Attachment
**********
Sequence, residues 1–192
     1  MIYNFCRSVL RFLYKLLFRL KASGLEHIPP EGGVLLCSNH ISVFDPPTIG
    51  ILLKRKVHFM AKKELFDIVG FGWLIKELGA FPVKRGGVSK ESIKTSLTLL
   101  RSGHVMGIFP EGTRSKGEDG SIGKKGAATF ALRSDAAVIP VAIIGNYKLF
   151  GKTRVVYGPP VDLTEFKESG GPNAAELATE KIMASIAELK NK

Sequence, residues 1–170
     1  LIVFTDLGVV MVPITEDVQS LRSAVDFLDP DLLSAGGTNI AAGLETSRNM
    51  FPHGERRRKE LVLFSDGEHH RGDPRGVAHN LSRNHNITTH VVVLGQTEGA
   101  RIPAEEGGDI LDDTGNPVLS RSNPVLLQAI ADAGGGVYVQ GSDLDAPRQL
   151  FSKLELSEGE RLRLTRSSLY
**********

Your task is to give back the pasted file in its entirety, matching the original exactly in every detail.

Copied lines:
Sequence, residues 1–192
     1  MIYNFCRSVL RFLYKLLFRL KASGLEHIPP EGGVLLCSNH ISVFDPPTIG
    51  ILLKRKVHFM AKKELFDIVG FGWLIKELGA FPVKRGGVSK ESIKTSLTLL
   101  RSGHVMGIFP EGTRSKGEDG SIGKKGAATF ALRSDAAVIP VAIIGNYKLF
   151  GKTRVVYGPP VDLTEFKESG GPNAAELATE KIMASIAELK NK

Sequence, residues 1–170
     1  LIVFTDLGVV MVPITEDVQS LRSAVDFLDP DLLSAGGTNI AAGLETSRNM
    51  FPHGERRRKE LVLFSDGEHH RGDPRGVAHN LSRNHNITTH VVVLGQTEGA
   101  RIPAEEGGDI LDDTGNPVLS RSNPVLLQAI ADAGGGVYVQ GSDLDAPRQL
   151  FSKLELSEGE RLRLTRSSLY